So what explains the factual recklessness of the campaigns? The most obvious answer can be found in the penalties, or lack thereof, for wandering astray. Voters just show less and less interest in punishing those who deceive. The reasons may be found in the political fracturing of the nation. As some voters feel a deeper affinity for one side or another in political debates, they have developed a tendency to forgive the home team’s fibs. No matter their ideology, many voters increasingly inhabit information bubbles in which they are less likely to hear their worldview contradicted.
In 1960, when John Kennedy won the White House by just 0.2% of the vote, 20 states, with 52% of the population, were considered highly competitive, according to Emory University’s Alan Abramowitz. By 2000, only 12 states, with 28% of the population, had a margin of victory of less than 5 percentage points. This year no more than nine states are in play, and the vote in several of those may not even be close in the final tally. Persuadable voters are increasingly hard to find. As Brendan Nyhan, a Dartmouth professor who studies falsehood in politics, puts it, “The incentives for truth telling are weaker in many ways than they have been in the post-Watergate era.”
At the same time, chances are high that your neighbors mostly agree with you and that the media you choose to consume rarely rattles your outlook. The pundits on MSNBC, the Huffington Post and the editorial page of the New York Times do a fine job of calling out the deceptions of Romney, but if you want to hear where Obama is going wrong, you might be better served on the Drudge Report, Fox News or the Wall Street Journal editorial page. “We don’t collect news to inform us. We collect news to affirm us,” explains Republican pollster Frank Luntz, who has been studying the 2012 electorate in swing-state focus groups. “It used to be that we disagreed on the solution but agreed on the problem. Now we don’t even agree on the problem.” All of this contributes to an environment in which, for some voters, unwelcome facts are simply filtered out and flushed away.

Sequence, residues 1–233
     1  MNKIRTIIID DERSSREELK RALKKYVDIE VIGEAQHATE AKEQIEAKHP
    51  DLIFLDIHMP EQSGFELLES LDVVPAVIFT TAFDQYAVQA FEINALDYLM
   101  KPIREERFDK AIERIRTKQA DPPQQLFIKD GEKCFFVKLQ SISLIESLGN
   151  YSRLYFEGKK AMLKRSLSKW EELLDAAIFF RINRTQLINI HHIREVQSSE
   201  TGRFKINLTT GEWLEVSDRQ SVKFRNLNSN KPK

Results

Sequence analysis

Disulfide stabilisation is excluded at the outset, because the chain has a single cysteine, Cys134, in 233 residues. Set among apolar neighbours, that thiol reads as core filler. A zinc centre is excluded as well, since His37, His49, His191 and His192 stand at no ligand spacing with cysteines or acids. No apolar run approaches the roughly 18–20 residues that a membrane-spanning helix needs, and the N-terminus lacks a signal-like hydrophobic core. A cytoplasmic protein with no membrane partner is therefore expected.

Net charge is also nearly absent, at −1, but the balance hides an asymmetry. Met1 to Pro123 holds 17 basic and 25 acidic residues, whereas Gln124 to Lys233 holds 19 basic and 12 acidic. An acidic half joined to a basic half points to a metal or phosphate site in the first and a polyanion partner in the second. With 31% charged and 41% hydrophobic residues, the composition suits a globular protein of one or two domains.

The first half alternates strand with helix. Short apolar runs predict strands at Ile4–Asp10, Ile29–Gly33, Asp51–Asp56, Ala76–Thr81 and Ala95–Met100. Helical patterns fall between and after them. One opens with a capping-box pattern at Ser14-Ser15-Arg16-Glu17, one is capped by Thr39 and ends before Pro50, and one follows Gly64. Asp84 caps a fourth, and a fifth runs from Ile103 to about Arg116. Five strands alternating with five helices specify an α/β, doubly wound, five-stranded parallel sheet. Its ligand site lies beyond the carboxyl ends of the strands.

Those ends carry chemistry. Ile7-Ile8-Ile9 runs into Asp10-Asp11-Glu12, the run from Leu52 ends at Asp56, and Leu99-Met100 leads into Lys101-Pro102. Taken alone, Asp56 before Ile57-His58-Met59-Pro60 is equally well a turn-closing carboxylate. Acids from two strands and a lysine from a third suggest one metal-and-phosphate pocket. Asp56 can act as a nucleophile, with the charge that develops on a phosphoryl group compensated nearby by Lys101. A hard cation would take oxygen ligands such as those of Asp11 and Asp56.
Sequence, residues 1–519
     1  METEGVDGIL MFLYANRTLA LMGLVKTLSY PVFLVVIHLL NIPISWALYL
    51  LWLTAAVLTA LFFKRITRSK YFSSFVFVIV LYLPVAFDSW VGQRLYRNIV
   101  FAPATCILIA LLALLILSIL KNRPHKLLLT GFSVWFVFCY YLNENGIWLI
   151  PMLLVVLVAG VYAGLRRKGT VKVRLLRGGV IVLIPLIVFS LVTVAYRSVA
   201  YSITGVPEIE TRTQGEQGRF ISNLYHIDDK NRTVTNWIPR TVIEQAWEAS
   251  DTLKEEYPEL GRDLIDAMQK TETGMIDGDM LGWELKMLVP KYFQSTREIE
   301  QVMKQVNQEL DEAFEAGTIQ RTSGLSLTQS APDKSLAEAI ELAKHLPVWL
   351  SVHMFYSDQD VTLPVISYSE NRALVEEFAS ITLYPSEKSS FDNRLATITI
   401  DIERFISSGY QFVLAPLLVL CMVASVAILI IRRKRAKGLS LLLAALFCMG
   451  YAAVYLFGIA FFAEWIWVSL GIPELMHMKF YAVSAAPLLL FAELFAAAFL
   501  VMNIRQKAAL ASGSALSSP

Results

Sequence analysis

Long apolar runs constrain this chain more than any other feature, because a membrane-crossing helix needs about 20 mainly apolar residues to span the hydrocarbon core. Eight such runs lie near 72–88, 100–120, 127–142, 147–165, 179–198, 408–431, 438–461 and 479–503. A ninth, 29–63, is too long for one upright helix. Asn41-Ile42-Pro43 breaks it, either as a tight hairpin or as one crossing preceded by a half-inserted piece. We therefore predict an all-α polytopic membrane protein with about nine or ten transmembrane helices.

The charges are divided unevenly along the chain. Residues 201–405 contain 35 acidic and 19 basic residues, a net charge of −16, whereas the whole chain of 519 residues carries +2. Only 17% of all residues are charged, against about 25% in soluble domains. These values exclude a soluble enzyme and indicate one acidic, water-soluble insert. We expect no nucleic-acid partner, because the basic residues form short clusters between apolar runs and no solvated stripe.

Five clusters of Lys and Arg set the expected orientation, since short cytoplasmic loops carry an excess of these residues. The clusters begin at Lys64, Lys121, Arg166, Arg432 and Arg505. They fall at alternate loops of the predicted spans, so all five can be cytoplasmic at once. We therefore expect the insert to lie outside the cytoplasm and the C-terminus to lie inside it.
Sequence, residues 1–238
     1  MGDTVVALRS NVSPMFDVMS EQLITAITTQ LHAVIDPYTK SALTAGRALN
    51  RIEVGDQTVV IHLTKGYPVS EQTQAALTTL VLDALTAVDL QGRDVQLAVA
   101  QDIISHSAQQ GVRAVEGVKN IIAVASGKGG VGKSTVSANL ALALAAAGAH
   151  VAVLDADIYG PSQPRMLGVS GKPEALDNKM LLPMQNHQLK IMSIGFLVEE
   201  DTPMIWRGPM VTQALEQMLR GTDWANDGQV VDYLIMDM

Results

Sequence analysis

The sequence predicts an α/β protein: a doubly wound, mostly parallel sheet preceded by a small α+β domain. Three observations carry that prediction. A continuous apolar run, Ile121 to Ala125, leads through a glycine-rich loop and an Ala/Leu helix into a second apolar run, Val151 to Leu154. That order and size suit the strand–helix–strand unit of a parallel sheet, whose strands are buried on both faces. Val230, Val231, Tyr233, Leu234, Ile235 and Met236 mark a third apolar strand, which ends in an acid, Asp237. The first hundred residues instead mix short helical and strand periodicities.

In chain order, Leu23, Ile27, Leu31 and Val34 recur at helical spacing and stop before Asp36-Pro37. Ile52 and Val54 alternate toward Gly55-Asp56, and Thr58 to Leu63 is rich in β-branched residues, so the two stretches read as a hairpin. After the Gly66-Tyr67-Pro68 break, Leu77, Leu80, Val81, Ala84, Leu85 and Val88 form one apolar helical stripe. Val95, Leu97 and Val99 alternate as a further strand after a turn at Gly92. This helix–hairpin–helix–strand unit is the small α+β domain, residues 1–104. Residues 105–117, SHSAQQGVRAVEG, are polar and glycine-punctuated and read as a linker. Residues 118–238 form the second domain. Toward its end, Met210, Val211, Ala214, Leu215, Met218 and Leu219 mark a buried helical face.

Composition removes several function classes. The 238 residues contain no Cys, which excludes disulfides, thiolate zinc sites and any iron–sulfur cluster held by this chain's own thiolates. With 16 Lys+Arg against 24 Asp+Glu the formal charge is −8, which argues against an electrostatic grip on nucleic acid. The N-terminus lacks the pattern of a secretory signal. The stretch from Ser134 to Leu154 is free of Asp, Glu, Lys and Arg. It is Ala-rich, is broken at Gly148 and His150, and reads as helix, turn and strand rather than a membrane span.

Human beings are simply more willing to believe falsehoods that confirm their worldview. In July, 17% of voters told pollsters for the Pew Research Center that Obama is a Muslim, an increase from just 12% in October 2008. Within the GOP, this fiction was believed by 30%, up from 16% in 2008, and the increase was more pronounced among those with college educations than among those without. The President is a Christian. There is no credible information to suggest otherwise. But for many caught up in the passions of politics, the facts are not conclusive.
Instead the public increasingly takes issue with those who deliver the facts. Gallup recently recorded the highest levels of distrust in the media since it began measuring this sentiment in 1998. Only 40% of the country, including just 26% of Republicans and 31% of independents, express a great deal or a fair amount of trust in the mass media to report the news fully, accurately and fairly. “In the past, the press effectively played the role of umpire,” explains Chris Lehane, a Democratic campaign consultant who served as press secretary of Al Gore’s 2000 campaign. “Now they are effectively in the bleachers.”
The result is a landscape where accuracy is largely in the eye of the beholder. If you ask voters which candidate is fooling the public, the answers vary by political disposition. A recent poll by the Washington Post and ABC News found that 76% of Romney voters believe Obama is “intentionally misleading” voters. As it happened, the exact same share of Obama supporters believe Romney is “intentionally misleading.” Only 17% of Romney voters and 12% of Obama voters were willing to say their own man had deceived.